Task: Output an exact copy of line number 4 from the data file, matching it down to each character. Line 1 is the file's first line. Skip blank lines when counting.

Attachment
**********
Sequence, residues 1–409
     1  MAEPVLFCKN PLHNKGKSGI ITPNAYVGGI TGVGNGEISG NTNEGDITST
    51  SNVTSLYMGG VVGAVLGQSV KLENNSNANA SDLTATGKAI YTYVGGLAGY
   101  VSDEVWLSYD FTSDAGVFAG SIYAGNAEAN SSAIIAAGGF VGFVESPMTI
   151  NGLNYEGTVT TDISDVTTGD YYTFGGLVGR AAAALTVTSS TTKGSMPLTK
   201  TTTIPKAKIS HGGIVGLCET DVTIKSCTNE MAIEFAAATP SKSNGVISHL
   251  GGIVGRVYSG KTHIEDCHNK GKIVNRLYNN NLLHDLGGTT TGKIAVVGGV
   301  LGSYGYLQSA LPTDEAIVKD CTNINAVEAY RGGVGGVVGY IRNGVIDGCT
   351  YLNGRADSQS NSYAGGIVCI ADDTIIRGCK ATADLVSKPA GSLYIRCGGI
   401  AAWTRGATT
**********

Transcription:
   101  VSDEVWLSYD FTSDAGVFAG SIYAGNAEAN SSAIIAAGGF VGFVESPMTI